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I have a kvm guest,as follow, The guest disk /dev/vda actually is a qcow2 file in Host

[root@guest ~]# cat /etc/redhat-release
CentOS Linux release 7.2.1511 (Core)

[root@guest ~]# uname -a
Linux guest 3.10.0-327.28.3.el7.x86_64 #1 SMP Thu Aug 18 19:05:49 UTC 2016 x86_64 x86_64 x86_64 GNU/Linux

[root@guest ~]# parted -l
Model: Virtio Block Device (virtblk)
Disk /dev/vda: 64.4GB
Sector size (logical/physical): 512B/512B
Partition Table: msdos
Disk Flags:

Number  Start   End     Size    Type     File system  Flags
 1      1049kB  8590MB  8589MB  primary  xfs          boot

But I only see 8G with dfcommand, How can I increase the root partition to 64G? I have try xfs_growfs /dev/vda1, but doesn't work

[root@guest ~]# df -h
Filesystem      Size  Used Avail Use% Mounted on
/dev/vda1       8.0G  1.1G  6.9G  14% /
devtmpfs        1.9G     0  1.9G   0% /dev
tmpfs           1.9G     0  1.9G   0% /dev/shm
tmpfs           1.9G   17M  1.9G   1% /run
tmpfs           1.9G     0  1.9G   0% /sys/fs/cgroup
tmpfs           380M     0  380M   0% /run/user/0
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First of all, this could be not related to virtualization at all. I think you are using a single partition of 8GB on a 64GB disk, as reported by parted.

If you really need to enlarge that partition, then you'd run it to enlarge the one and only partition you have. I normally use fdisk, not just for historical reasons. But with parted should be something like this:

parted /dev/vda1 resizepart 1 64G

Only later you'd run xfs_growfs to take advantage of the extra room. As an option, you could run it interactively, issuing first a command to display sectors:

(parted) unit s

then a command to display the drive size in sectors (the actual size of the drive):

(parted) print
...
Disk /dev/vda: (the number of sectors here)

and finally the command to resize the partition #1 to that number.

If parted doesn't provide for a resize command, then you have only one option: you take note of the starting block number, partition type (primary), partition id (should be 83), then you delete the partition and recreate it with exactly the same starting block, type and ID, while the ending block is to be set as the last one available (as reported by the parted command).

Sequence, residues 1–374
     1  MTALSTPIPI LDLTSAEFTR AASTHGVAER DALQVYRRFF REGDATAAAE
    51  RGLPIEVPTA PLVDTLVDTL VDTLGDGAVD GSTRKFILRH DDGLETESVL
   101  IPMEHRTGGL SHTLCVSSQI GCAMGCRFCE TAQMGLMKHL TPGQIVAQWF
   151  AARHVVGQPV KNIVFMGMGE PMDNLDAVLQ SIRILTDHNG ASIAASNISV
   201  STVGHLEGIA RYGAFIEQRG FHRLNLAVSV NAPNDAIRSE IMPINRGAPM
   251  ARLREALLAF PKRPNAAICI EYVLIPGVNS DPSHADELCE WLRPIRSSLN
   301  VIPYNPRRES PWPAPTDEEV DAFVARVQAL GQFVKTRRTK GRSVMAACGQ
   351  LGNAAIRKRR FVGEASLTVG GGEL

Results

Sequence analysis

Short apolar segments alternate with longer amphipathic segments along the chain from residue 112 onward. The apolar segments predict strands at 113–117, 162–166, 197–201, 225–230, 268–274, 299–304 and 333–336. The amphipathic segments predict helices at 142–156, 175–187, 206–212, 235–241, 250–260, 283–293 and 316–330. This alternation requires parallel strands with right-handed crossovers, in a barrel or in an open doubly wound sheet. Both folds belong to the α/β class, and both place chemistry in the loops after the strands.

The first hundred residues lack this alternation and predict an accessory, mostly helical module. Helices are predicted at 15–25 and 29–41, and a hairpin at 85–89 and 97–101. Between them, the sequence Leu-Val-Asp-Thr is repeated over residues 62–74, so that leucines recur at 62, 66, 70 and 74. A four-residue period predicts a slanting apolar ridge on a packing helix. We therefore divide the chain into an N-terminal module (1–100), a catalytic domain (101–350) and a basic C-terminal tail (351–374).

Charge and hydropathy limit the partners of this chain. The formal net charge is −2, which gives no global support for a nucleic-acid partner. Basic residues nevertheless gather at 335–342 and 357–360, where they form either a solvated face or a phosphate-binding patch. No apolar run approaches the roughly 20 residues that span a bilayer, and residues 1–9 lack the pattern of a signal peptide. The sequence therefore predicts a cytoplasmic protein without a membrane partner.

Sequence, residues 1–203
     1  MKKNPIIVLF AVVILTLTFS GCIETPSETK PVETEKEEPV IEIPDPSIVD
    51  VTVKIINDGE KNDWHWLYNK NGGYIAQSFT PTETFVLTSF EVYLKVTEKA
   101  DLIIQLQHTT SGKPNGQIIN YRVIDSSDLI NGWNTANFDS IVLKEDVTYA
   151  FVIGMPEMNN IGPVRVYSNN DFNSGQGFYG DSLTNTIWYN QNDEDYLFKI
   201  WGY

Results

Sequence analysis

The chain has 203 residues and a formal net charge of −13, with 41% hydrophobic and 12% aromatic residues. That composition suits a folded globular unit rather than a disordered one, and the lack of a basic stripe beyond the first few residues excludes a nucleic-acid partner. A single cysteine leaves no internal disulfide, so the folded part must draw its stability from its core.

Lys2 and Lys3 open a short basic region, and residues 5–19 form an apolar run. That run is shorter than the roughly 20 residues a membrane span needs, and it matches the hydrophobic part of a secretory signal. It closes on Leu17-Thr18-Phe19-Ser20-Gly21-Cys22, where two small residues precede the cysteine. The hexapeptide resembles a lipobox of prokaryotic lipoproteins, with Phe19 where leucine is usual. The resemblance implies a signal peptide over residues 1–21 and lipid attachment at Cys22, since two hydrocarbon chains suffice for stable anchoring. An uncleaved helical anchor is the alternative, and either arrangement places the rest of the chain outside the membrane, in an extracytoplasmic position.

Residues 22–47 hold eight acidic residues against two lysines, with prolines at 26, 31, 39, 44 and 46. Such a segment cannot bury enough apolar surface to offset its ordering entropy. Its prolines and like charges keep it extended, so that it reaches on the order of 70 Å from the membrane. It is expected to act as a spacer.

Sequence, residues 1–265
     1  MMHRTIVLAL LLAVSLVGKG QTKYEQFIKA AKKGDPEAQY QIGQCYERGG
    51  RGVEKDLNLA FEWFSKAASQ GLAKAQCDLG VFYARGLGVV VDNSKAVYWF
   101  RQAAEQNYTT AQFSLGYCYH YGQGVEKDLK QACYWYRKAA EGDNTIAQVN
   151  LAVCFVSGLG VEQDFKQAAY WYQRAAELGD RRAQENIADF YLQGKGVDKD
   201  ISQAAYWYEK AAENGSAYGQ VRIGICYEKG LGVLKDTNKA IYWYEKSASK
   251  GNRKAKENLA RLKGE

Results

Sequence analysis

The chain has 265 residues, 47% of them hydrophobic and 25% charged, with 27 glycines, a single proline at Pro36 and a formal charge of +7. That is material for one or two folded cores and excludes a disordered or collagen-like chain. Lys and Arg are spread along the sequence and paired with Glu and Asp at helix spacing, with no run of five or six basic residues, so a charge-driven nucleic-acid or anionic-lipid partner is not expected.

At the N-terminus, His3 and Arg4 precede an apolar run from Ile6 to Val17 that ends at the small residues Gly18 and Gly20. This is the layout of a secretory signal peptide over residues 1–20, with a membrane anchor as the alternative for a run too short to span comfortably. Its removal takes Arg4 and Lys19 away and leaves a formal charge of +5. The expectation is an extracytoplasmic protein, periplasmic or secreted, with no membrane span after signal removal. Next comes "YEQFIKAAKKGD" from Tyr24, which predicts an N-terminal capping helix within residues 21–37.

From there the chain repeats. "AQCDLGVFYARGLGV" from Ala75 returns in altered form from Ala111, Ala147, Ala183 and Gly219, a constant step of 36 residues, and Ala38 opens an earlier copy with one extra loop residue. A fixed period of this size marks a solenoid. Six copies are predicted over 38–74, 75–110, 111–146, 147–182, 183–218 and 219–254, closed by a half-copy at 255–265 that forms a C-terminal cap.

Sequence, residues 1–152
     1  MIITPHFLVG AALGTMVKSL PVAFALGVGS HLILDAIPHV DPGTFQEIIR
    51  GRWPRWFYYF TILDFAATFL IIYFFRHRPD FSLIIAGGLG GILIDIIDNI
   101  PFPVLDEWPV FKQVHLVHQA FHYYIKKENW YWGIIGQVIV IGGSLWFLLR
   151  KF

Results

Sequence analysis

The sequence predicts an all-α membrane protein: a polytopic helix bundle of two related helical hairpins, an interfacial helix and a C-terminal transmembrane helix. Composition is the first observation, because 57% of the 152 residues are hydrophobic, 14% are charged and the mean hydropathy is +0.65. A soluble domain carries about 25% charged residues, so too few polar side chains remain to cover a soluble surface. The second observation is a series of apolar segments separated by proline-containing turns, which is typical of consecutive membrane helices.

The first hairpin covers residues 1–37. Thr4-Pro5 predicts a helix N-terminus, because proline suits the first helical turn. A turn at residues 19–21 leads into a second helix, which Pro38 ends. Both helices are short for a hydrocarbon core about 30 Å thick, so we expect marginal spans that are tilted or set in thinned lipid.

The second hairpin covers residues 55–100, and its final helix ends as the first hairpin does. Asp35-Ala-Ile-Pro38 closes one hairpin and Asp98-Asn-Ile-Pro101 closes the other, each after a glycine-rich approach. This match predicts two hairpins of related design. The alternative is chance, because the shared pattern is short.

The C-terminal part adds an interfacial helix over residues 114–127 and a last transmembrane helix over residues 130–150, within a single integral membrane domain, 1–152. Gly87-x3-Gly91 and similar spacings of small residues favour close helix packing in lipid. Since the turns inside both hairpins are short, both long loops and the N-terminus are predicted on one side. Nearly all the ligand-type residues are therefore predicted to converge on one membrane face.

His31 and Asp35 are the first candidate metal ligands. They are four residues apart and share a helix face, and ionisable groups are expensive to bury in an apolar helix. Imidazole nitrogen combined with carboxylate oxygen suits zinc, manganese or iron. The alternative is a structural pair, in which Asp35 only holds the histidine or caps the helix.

As an option you could use fdisk, provided that the tool is available. In that case you should run:

sudo fdisk /dev/vda

and give the command p in order to print the current partition table. For example:

Disk /dev/sda: 111,8 GiB, 120034123776 bytes, 234441648 sectors
Units: sectors of 1 * 512 = 512 bytes
Sector size (logical/physical): 512 bytes / 512 bytes
I/O size (minimum/optimal): 512 bytes / 512 bytes
Disklabel type: dos
Disk identifier: 0x00070c95

Device     Boot Start       End   Sectors  Size Id Type
/dev/sda1  *     2048 218028031 218025984  104G 83 Linux

With fdisk you simply delete the partition and recreate it: it will propose you to make it as large as possible.

Command (m for help): d
Selected partition 1
Partition 1 has been deleted.

Command (m for help): n
Partition type
   p   primary (0 primary, 0 extended, 4 free)
   e   extended (container for logical partitions)
Select (default p): p
Partition number (1-4, default 1): 
First sector (2048-234441647, default 2048): 
Last sector, +sectors or +size{K,M,G,T,P} (2048-234441647, default 234441647): 

Created a new partition 1 of type 'Linux' and of size 111,8 GiB.

Command (m for help): p
Disk /dev/sda: 111,8 GiB, 120034123776 bytes, 234441648 sectors
Units: sectors of 1 * 512 = 512 bytes
Sector size (logical/physical): 512 bytes / 512 bytes
I/O size (minimum/optimal): 512 bytes / 512 bytes
Disklabel type: dos
Disk identifier: 0x00070c95

Device     Boot Start       End   Sectors   Size Id Type
/dev/sda1        2048 234441647 234439600 111,8G 83 Linux

Then you'd issue a command w to write the changes to the disk. A reboot is highly recommended before enlarging the file system.

Finally, I'd suggest you to use df -H instead of df -h so the numbers shown would match the ones by parted -l.

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  • parted /dev/vda1 resizepart 1 125829120 seem not work. my parted version:parted (GNU parted) 3.1
    – jython.li
    Oct 10 '16 at 7:32
  • @jython.li I added a few more details
    – EnzoR
    Oct 10 '16 at 7:37
  • Seem parted 3.1 can't use resize or resizepart How do I resize partitions and filesystems on them?
    – jython.li
    Oct 10 '16 at 7:50
  • @jython.li I added some details to overcome that lack.
    – EnzoR
    Oct 10 '16 at 11:47
  • @jython.li Reword the question as it's not related to KVM or any virtualization environment. This is "generic" Linux system administration.
    – EnzoR
    Oct 10 '16 at 11:56

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